The economic track explored the relevance of the commons as a stewarding principle of a collaborative economy worthy of that name in the post-2008 context, while also emphasizing the many commons-oriented productive activities taking place in Barcelona and Catalonia. For the technology track, there were presentations on frameworks that support policy making, value creation and new economies. A thorough examination of the political and commercial interests embedded in the architectures of the technologies we use was a constant theme.
Using these three days of the Procomuns conference as the condensed expression of the astounding economic and policy innovations taking place in Barcelona and beyond, we can readily discern some emerging patterns and sketch some conclusions accordingly:
There’s no collaborative economy without commons: By simply appending the word “commons” to “collaborative economy”, the organizers of Procomuns revitalized a term which had been co-opted by commercial interests to the extent that it had lost its meaning. Conference attendees didn’t need to have the shortcomings of the Silicon Valley micro-rental industry spelled out for them. It’s understood that the “sharing economy” is a flawed model, structurally unable to disrupt the status quo or provide long-term solutions to the problems we face. The commons collaborative economy is a totally different game.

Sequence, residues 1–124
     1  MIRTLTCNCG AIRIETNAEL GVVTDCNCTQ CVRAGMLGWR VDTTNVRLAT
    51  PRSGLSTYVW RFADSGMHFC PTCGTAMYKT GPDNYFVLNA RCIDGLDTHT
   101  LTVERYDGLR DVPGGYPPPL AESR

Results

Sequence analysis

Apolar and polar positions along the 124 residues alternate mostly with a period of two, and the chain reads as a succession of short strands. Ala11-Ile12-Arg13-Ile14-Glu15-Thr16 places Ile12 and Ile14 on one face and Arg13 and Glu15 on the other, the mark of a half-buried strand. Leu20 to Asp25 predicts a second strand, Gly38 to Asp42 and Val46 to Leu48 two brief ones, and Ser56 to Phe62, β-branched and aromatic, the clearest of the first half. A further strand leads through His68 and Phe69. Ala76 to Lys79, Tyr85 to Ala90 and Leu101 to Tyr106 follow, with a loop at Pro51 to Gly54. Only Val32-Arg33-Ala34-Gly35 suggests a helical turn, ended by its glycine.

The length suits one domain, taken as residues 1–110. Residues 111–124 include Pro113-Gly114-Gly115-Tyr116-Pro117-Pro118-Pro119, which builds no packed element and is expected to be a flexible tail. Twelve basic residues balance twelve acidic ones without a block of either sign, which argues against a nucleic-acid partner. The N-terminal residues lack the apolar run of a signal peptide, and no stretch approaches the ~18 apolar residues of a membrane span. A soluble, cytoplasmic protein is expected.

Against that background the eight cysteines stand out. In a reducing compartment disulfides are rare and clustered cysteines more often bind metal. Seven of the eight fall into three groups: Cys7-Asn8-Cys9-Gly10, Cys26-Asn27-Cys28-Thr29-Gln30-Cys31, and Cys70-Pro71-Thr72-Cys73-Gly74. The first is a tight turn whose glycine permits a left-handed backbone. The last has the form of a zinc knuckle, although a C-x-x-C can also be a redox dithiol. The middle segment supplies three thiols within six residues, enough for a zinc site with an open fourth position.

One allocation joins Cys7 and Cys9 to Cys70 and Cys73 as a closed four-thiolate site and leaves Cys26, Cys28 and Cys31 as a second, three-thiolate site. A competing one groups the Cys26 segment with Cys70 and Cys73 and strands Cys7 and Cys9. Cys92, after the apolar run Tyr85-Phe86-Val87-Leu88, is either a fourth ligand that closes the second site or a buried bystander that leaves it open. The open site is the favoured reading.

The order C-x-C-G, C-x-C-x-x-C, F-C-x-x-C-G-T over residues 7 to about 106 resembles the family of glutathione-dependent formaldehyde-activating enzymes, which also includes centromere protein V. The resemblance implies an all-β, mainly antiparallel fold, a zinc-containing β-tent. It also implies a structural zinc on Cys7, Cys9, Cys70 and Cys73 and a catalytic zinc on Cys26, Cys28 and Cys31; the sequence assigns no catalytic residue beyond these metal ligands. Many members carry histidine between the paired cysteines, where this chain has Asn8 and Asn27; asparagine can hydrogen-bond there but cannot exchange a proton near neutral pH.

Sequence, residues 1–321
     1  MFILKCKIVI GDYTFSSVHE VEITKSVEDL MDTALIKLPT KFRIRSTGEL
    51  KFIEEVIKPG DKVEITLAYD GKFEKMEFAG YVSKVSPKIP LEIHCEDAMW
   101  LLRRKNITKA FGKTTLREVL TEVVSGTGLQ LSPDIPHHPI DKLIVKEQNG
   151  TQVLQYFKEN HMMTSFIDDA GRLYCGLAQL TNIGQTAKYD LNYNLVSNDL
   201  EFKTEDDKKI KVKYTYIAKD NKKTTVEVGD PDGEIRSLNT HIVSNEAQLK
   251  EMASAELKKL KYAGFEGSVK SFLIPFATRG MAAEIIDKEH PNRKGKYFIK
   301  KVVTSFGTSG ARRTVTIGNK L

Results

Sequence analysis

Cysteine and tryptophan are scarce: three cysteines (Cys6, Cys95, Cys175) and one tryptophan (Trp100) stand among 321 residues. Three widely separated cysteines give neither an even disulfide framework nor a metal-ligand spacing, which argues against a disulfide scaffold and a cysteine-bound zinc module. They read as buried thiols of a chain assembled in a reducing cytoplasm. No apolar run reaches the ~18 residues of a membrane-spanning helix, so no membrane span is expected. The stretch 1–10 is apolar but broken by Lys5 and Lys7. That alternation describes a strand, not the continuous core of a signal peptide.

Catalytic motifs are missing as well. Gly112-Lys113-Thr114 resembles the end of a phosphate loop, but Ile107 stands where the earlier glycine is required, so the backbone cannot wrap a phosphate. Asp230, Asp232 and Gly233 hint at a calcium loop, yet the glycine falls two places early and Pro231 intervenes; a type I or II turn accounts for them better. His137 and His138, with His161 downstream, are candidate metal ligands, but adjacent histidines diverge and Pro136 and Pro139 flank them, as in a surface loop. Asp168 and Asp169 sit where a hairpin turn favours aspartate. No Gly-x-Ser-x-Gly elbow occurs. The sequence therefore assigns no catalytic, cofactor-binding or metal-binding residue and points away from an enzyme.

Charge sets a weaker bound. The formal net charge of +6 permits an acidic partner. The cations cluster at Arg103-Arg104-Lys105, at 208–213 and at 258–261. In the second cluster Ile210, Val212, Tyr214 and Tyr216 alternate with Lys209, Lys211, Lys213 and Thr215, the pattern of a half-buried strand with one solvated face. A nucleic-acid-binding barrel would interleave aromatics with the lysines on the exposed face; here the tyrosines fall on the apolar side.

Cooperatives are the original collaborative legal structure: The cooperative framework was omnipresent at the event. Throwing around terms like “sharing” and “P2P” when describing the interactions between platform value providers and venture capitalists or shareholders is now understood to be a farce. Co-ops and not-for-profits provide more coherent market interfaces than models designed to maximize absentee profiteering. More importantly, while acknowledging its rich history, the cooperative model is understood as synonymous with innovation and real disruption.